Spring is knocking on the door and while it doesn't feel like it, it's time to start thinking about winter wheat coming out of dormancy. Having nitrogen available for early spring growth is essential to top yields.
Steve Gauck, agronomist with Beck's Hybrids, offers three things to keep in mind when applying nitrogen.
• Knowing when and how much nitrogen to apply is key, each field needs to assessed for stand, stage and tillering
• Later maturing fields and fields with fewer tillers need more nitrogen, earlier
• The risk of early application however, is nitrogen loss later in the spring, a nitrification inhibitor can help protect that loss
Phil Needham, of Needham Ag Technologies, stresses the need for uniform application, and prefers two to three feedings of nitrogen. Splitting the application increases the nitrogen used efficiency, reduces lodging potential, and allows till management.
Tillering can be encouraged with higher rates of nitrogen, earlier in the season, targeting application near Feekes growth stage 3, which is when formation of tillers is complete. However, already thick winter wheat stands should receive nitrogen later in the season, if possible, occurring near Feekes Growth Stage 5-6, or about the time the first node appears.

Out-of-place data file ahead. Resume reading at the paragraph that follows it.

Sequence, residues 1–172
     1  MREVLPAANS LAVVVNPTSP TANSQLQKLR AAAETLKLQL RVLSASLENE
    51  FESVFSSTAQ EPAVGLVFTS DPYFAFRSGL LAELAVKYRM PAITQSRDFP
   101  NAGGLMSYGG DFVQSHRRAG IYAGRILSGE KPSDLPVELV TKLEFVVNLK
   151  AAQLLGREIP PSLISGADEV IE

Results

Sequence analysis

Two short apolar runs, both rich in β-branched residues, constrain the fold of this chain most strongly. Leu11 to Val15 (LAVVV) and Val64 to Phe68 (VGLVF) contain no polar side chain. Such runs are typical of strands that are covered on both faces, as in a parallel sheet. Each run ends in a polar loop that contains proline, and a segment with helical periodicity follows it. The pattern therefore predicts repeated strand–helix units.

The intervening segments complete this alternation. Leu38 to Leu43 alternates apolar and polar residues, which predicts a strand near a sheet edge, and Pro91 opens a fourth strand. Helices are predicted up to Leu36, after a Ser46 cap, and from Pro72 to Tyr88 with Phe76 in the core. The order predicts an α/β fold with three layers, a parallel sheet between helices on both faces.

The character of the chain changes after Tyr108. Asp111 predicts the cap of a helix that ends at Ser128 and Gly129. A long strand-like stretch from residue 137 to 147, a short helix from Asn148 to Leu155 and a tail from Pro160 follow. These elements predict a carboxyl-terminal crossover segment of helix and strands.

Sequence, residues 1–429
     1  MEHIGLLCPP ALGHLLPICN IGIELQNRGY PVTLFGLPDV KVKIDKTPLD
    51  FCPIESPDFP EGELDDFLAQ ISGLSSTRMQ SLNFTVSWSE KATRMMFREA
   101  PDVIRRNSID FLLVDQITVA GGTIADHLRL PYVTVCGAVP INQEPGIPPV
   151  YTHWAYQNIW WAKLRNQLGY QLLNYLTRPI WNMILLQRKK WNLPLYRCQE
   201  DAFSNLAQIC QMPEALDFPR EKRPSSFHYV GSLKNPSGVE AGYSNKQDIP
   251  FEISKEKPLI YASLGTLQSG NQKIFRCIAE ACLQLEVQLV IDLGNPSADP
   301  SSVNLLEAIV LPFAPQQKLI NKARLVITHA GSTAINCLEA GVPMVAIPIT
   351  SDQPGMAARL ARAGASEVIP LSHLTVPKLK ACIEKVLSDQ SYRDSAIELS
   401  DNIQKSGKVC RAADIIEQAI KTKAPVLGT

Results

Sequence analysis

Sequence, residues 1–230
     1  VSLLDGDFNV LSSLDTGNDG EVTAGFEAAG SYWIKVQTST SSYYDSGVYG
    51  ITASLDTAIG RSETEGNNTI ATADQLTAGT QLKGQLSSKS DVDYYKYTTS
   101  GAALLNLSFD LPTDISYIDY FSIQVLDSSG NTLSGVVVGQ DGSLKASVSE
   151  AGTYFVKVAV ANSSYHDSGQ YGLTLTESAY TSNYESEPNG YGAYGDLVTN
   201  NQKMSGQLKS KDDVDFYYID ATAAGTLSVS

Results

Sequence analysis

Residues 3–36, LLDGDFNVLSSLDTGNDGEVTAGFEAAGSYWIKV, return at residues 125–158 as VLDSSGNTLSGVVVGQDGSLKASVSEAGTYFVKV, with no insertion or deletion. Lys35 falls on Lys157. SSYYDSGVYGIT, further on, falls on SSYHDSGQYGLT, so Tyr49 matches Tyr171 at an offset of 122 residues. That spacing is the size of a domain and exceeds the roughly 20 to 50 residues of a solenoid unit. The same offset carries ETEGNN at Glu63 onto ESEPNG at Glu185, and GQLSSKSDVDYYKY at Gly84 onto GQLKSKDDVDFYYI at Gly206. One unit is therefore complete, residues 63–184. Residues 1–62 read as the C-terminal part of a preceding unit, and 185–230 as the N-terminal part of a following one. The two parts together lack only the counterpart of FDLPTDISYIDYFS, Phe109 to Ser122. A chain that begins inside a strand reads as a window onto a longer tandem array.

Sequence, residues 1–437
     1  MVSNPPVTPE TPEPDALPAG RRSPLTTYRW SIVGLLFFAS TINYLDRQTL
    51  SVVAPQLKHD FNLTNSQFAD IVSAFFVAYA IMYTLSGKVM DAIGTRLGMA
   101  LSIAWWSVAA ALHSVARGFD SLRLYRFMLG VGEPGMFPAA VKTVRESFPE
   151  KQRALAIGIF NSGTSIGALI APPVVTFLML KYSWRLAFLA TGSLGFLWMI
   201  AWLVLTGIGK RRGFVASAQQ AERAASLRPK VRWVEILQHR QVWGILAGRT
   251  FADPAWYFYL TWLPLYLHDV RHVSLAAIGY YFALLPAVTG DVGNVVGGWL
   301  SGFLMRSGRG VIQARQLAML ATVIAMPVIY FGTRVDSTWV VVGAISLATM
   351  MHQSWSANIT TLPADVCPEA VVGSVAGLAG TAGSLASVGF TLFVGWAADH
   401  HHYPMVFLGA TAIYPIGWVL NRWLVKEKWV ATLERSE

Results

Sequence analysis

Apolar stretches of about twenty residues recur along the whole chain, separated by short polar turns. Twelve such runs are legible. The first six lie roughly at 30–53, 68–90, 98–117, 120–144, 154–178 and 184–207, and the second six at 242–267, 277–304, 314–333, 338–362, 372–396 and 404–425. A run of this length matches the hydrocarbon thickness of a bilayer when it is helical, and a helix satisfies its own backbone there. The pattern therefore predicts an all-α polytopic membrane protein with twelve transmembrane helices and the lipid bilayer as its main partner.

Ideally application should be split into two or more passes. Needham recommends the use of stream bars to apply liquid nitrogen, as they are not dependent on boom height to distribute product evenly.
Of course all of these elements must be balanced with the window of opportunity to apply, which can be limited. It doesn't matter what your intentions are if fields are impassable.
Using assessment of the crop potential can help fine tune your nitrogen rates and timing, either by you or a crop scouting agency therefore helping you achieve maximum yield. Many resources exist to determine growth stages and proper application rates.